Description: This Dhivyadesam is a vast temple located at Thirukkoviloor (near Thiruvannamalai), which is also home to the Thirukkovalur Veerattam, an ancient shrine glorified by the Thevaram hymns. This temple has a history of royal patronage. Thirukkoviloor is considered to be one of the Pancha Krishnaranya shrines. This shrine represents the physical meeting point of the first of the Azhwars PoikaiAzhwar, Bhutattalvar and PeyAzhwar. The Dhivya Desams enshrining Trivikrama are Thiru Oorakam (Kanchipuram) , Thirukkoviloor, Kaazhicheeraamavinnagaram and Thiruneermalai.
The five panchakrishna kshetrams are Thirukkoviloor, Thirukkannankudi, Kapistalam, Kannapuram and Kannamangai.
Deities: The Moolavar is an imposing image of Ulagalanda Perumal or Trivikrama, with his foot raised, facing east. Thaayaar here is known as Poonkoval Nachiyaar in her own shrine. The Utsavar here is Aayanaar or Kovalan (Gopalan).
Legend has it that Perumaal took the form of Vamana, to subdue the demon king Mahabali; took on an enormous form and conquered the earth and the heavens and upon being offered Mahabali's head as the resting point for his foot, banished him to the netherworld. Legend has it that Mrikandu Maharishi worshipped Perumaal here as Trivikrama.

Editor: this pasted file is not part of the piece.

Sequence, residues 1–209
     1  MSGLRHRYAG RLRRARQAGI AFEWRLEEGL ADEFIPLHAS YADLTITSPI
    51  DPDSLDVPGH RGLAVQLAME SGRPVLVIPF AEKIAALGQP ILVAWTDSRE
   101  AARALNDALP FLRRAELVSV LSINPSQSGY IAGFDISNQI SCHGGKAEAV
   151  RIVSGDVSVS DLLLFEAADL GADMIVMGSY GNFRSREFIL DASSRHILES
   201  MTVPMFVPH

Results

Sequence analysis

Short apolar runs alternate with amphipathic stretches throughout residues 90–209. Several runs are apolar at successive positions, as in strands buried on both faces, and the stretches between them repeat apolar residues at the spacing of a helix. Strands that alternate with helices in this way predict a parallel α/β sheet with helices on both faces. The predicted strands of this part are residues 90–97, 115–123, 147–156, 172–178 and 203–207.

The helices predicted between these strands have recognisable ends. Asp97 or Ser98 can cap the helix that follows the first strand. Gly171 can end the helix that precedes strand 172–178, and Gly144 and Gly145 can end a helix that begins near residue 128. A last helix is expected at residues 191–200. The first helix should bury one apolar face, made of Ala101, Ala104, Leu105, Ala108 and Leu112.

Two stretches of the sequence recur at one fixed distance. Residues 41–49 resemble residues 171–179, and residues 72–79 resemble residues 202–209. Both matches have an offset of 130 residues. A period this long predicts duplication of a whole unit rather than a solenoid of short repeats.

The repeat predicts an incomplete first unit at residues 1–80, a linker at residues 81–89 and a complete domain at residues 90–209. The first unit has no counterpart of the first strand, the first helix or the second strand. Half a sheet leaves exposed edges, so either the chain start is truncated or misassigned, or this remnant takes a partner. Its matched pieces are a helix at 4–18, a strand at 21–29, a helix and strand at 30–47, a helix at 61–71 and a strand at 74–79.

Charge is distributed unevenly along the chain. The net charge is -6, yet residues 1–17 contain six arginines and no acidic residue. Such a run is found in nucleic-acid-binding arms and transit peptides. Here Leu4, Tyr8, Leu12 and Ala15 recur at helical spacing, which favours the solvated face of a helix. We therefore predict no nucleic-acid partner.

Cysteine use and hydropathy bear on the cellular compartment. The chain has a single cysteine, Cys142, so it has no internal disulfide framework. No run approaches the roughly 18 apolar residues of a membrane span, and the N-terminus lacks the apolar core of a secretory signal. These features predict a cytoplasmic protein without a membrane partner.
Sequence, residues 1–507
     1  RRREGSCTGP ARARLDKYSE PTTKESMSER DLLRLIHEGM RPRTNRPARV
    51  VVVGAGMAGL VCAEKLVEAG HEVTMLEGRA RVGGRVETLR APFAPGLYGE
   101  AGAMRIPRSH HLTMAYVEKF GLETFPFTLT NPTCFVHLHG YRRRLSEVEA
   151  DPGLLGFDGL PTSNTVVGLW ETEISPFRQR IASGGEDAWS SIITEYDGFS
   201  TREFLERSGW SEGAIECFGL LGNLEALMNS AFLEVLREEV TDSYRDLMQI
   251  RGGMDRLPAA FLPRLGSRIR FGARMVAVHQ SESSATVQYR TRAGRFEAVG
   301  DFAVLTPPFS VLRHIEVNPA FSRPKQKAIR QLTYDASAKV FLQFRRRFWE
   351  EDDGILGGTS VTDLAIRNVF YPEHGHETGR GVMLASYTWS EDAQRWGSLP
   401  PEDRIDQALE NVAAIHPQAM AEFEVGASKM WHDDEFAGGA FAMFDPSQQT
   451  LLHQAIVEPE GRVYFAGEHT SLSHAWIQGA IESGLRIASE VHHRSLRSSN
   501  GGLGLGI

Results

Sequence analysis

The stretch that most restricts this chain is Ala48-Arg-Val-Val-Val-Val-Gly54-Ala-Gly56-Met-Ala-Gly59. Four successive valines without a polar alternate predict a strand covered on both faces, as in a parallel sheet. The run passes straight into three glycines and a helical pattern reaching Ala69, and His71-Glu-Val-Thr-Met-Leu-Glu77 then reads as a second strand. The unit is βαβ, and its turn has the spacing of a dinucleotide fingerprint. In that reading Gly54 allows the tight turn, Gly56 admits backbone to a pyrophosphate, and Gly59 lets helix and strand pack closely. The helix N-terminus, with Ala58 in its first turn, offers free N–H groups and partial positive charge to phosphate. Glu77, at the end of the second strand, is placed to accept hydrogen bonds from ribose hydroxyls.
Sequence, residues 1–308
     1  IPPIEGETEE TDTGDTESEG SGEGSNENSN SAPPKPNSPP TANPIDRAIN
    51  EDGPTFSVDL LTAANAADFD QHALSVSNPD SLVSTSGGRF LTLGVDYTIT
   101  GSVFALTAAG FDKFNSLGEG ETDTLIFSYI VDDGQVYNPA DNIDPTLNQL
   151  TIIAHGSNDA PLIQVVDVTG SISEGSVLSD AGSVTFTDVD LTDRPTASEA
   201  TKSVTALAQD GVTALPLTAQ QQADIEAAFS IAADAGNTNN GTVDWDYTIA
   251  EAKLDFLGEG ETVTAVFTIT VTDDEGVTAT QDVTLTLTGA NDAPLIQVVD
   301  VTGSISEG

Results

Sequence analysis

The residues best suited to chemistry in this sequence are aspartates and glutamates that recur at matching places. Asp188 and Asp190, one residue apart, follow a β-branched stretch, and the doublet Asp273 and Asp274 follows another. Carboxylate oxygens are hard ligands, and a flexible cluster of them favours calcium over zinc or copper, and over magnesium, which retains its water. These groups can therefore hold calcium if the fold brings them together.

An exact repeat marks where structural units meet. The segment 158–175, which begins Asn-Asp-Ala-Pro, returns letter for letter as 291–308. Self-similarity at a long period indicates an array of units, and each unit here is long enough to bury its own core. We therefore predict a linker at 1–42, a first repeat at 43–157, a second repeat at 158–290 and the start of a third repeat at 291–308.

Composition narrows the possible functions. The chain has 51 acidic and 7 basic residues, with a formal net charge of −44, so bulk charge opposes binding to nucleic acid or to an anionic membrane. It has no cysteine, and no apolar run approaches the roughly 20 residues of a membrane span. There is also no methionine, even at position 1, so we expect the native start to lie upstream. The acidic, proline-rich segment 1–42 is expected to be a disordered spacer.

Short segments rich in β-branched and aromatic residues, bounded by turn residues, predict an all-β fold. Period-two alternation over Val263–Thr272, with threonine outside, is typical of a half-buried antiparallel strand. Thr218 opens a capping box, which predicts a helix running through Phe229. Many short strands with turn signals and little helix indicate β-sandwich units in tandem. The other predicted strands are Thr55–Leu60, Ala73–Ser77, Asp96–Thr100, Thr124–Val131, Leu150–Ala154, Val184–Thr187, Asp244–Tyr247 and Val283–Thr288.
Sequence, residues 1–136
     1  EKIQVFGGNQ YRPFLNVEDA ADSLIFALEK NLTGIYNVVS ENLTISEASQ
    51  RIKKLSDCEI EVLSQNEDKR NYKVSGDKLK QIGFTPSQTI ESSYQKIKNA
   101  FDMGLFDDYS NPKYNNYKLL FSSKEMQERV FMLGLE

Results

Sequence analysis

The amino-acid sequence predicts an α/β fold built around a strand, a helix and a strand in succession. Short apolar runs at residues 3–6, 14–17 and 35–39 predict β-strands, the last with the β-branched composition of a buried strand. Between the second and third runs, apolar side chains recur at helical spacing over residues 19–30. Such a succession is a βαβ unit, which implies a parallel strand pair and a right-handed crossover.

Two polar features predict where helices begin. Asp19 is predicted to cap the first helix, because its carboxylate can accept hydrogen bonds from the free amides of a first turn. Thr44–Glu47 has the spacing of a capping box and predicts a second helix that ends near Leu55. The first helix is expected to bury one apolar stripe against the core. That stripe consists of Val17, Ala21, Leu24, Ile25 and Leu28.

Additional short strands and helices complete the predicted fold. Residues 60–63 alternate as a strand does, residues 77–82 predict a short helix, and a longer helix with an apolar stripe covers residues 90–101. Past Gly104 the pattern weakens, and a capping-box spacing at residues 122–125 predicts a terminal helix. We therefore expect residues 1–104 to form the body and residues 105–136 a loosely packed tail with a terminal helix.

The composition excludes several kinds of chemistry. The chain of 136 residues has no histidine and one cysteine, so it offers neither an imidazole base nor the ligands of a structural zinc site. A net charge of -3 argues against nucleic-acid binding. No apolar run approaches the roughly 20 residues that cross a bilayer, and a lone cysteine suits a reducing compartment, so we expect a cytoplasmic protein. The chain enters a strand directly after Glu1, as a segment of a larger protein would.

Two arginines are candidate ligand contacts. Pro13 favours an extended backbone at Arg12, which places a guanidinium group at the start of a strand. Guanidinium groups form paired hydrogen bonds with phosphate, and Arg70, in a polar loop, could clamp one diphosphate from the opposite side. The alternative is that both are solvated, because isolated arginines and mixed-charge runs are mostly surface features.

The Temple: This is a vast temple with an imposing Rajagopuram seen from a distance. Covering an area of 5 acres, it has three prakarams.There is a small shrine to Vamanar behind the image of Trivikrama. An Ardhamandapam, a Mahamandapam, and the Pandya Mandapam are seen in front of the sanctum. There are shrines to Lakshminarayanar, Lakshminarasimhar, Andal, Udayavar, Senai Mudaliyar, Manavala Mamuni, ChakratthAzhwar, Poonkoyil Naachiyaar (Pushpavalli), Varadarajar and Venugopalar here. There is also a Ramar temple behind the Taayar shrine. The rear gopuram in a comparative state of disrepair is not used.
This temple was oringinally a brick and mortar structure in the period of Parantaka Chola I (early 10th century); it was patronized by the great Chola rulers Raja Raja Chola I and Raja Raja II. Rajendra Deva in the 11th century rebuilt it of granite.
Legend has it that the three Azhwars (PoikaiAzhwar, BhutattAzhwar and PeyAzhwar) took shelter in the hermitage of Mrikandu munivar, in cramped quarters on a stormy night when they felt the overwhelming person of the fourth person, who was none other than Perumaal, upon whom they composed a hundred verses in praise. This is where the first verses of the Azhwars came into being.
Festivals: Two worship services are offered each day here. The annual festival is observed in the month of Pankuni. Vaikuntha Ekadasi in Margazhi and Manavaala Mamuni Utsavam in the month of Aippasi are other festivals observed here.